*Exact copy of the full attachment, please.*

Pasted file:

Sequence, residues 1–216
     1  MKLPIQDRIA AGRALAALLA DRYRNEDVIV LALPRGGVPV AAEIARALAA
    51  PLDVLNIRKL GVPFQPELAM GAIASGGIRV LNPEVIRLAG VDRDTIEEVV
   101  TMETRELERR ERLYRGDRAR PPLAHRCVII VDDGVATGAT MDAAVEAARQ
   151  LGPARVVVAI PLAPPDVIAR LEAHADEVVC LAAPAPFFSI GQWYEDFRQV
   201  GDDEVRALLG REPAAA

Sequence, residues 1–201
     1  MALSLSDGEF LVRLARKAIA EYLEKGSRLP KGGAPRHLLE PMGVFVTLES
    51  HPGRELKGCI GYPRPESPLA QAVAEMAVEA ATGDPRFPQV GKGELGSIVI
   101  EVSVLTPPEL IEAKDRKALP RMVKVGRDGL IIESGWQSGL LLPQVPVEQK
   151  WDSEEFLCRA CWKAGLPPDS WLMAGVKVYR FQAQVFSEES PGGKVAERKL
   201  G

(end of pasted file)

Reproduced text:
Sequence, residues 1–216
     1  MKLPIQDRIA AGRALAALLA DRYRNEDVIV LALPRGGVPV AAEIARALAA
    51  PLDVLNIRKL GVPFQPELAM GAIASGGIRV LNPEVIRLAG VDRDTIEEVV
   101  TMETRELERR ERLYRGDRAR PPLAHRCVII VDDGVATGAT MDAAVEAARQ
   151  LGPARVVVAI PLAPPDVIAR LEAHADEVVC LAAPAPFFSI GQWYEDFRQV
   201  GDDEVRALLG REPAAA

Sequence, residues 1–201
     1  MALSLSDGEF LVRLARKAIA EYLEKGSRLP KGGAPRHLLE PMGVFVTLES
    51  HPGRELKGCI GYPRPESPLA QAVAEMAVEA ATGDPRFPQV GKGELGSIVI
   101  EVSVLTPPEL IEAKDRKALP RMVKVGRDGL IIESGWQSGL LLPQVPVEQK
   151  WDSEEFLCRA CWKAGLPPDS WLMAGVKVYR FQAQVFSEES PGGKVAERKL
   201  G